A long awaited public auction for four parcels of land in Hay River, including the troubled and fire-damaged Mackenzie Place high rise, attracted no bids Aug. 11.
Sam Mugford, the director of finance and administration said in an email that the municipality will have to put the property for auction again next year in hopes that the town can collect back property taxes owed and find a resolution to the housing challenges presented by the building.
“The Town will treat this like all other properties which have delinquent amounts owing,” he said. “We will follow the process as set for by Property and Taxation Act (PATA). The Town will put the property up for auction again if the delinquent balance continues to exist in 2022.”
Right now, building owner Harry Sadteo owes about about $170,000 in back taxes from 2018 and 2019, plus interest.
Mugford said that the 2020 and 2021 property taxes have been levied with interest accumulating and that Sadteo now effectively owes the town closer to about $392,000.
“Interest accumulates at a rate of 1.8 per cent per month on all payable balances in accordance with the Town’s Financial Administration bylaw,” Mugford wrote in an Aug. 16 email. “Under PATA there is no distinction between the two; once interest is incurred it becomes part of the property tax liability.”
The assessed value of the property, initially set at $5.9 million in 2019, was reduced to $2.9 million in 2020 due to the fire and as the result of requests for reassessments by Sadteo, Mugford said.
According to the act, the minimum bid during an auction is 50 per cent of the assessed value.
“So the minimum bid is based on half of that, or roughly $1.45 million,” he said.
“The Town has and will continue to pursue every avenue to collect delinquent taxes on all parcels within its jurisdiction.”
One of the stipulations in PATA includes that someone bidding on a property has to put down a cash deposit of 25 per cent on the day that the full bidding amount is accepted at the tax auction.
“Even if someone had bid on the high rise, the owner still has 30 days to pay off the delinquent portion and reclaim the property,” Mugford explained.
With no bidders last week, the building has remained empty since the March 2019 fire which resulted in 125 people who were living in 122 units being displaced.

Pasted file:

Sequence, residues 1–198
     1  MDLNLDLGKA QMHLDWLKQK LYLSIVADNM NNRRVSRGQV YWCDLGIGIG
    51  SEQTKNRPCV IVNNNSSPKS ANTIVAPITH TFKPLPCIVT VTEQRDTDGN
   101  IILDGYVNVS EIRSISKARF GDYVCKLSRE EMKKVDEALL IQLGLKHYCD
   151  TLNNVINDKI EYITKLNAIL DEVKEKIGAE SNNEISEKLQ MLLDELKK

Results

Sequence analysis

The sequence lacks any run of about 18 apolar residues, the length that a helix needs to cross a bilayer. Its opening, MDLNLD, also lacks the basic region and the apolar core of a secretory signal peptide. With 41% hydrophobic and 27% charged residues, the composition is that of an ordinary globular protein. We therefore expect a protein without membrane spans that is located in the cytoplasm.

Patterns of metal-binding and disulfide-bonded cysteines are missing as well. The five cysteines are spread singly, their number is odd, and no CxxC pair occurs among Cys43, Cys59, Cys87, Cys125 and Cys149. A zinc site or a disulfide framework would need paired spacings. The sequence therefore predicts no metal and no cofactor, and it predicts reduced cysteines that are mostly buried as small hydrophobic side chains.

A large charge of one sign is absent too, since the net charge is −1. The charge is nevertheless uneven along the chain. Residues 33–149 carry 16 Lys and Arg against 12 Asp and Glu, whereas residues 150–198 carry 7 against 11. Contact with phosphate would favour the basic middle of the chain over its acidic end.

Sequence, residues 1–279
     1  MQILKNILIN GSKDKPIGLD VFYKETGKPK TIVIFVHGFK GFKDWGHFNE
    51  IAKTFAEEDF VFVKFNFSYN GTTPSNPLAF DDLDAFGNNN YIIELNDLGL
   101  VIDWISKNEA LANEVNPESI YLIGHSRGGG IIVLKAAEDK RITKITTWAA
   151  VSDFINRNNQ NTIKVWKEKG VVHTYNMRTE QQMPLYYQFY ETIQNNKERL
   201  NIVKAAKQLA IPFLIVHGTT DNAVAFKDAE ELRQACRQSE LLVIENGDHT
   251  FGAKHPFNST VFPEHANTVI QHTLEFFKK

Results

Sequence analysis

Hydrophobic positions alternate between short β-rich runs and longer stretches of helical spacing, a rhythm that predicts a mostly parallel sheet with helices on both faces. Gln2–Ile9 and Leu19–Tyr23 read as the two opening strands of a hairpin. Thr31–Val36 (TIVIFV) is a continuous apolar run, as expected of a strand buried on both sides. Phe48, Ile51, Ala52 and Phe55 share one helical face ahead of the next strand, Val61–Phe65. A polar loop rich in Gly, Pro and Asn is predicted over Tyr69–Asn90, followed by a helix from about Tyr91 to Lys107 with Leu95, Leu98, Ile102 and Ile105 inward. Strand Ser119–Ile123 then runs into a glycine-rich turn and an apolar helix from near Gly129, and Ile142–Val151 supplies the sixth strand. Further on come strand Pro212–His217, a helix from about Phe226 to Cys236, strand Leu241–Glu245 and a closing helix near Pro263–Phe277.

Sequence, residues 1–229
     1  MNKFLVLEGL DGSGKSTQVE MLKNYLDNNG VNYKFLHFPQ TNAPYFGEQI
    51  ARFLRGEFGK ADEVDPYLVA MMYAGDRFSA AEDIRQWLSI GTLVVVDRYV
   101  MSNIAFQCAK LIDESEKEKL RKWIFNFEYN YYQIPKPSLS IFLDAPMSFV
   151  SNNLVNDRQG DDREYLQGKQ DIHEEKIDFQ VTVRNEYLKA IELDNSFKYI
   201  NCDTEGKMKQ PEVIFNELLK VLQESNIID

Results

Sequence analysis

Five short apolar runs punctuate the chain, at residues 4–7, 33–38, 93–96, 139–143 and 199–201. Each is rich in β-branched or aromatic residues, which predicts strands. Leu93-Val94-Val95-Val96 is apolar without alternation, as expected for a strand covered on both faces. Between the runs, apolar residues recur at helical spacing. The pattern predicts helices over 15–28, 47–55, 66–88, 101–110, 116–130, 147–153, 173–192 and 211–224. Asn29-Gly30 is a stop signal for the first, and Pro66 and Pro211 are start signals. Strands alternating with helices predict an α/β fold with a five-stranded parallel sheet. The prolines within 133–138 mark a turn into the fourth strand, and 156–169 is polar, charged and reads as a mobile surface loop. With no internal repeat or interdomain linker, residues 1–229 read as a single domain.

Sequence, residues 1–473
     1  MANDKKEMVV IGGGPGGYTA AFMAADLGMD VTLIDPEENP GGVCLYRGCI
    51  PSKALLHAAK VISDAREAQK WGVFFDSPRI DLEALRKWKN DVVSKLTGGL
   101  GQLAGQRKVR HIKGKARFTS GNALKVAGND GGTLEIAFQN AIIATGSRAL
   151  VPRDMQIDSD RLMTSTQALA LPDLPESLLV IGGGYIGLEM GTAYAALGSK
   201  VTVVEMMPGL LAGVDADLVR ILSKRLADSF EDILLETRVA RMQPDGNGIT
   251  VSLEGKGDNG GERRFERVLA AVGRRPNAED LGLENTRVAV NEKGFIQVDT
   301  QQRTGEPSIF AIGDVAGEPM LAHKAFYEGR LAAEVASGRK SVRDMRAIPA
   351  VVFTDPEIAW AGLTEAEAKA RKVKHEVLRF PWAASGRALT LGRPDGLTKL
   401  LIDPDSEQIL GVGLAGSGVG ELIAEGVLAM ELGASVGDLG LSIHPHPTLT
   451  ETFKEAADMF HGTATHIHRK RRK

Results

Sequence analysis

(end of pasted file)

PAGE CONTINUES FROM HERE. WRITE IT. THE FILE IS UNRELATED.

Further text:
Mugford said that the town recognizes that the building has contributed to a housing shortage since the 2019 fire which abruptly ended dozens of affordable housing options for residents.
However, the municipality is limited as to what it can do to directly address the issue beyond following the direction from its legal representation and PATA because the building belongs to a private owner.
“Though the Town would like to see this building rejuvenated, it is limited in its authority to affect change in this regard and understands the complex nature of the circumstance,” Mugford said.
The building is about 50 years old and is believed by the municipality to need serious renovations before it can be reoccupied.
Traditionally it has provided a wide array of housing needs across the spectrum in the town’s downtown core.
“It is difficult to speculate (the extent of impact on housing from the building fire) but we know how many units were in the building and how many were occupied and where those people went – some to basements or other accommodations,” Mugford said.
“But it was really a a total mix of tenants who lived there. Some included professionals, teachers, nurses, as well as other long-term Hay River tenants who have been there for decades. Others included people who had housing problems.”
The town is also in the midst of updating its zoning bylaw to try to improve housing availability, however Mugford said it will take some time before actual units can actually be made available.
“The town has been working to rezone existing properties for residential use and develop new areas to ease some of the demand for housing, however these changes take time to create meaningful impact on housing availability,” Mugford said.
Sadteo said on Friday he wasn’t happy that there was no one interested in the structure.
“I was kind of disappointed that no one came forward and bid on it and I’m not sure if it (the public auction) was well publicized,” he said.
He said several times this year that he had been optimistic that the building could be auctioned off this year and more housing options could be provided for those in need in 2021.
Sadteo wrote in an open letter to Premier Caroline Cochrane that the territorial government is not treating the housing situation in Hay River urgently enough.
“The current NWT government in their mandate, has highlighted housing as an area of great concern,” he wrote in the letter, which was shared with the Hub over the weekend. “However, in spite of being allocated $80 million by the federal government, there appears to be reluctance by the current NWT government to demonstrate their promise to the residents of Hay River and the NWT to assist in providing this (most) basic of human needs.”
Hay River South MLA RJ Simpson and Hay River North MLA Rocky Simpson did not respond to questions before press deadline. Questions sent to the Northwest Territories Housing Corporation also went unanswered.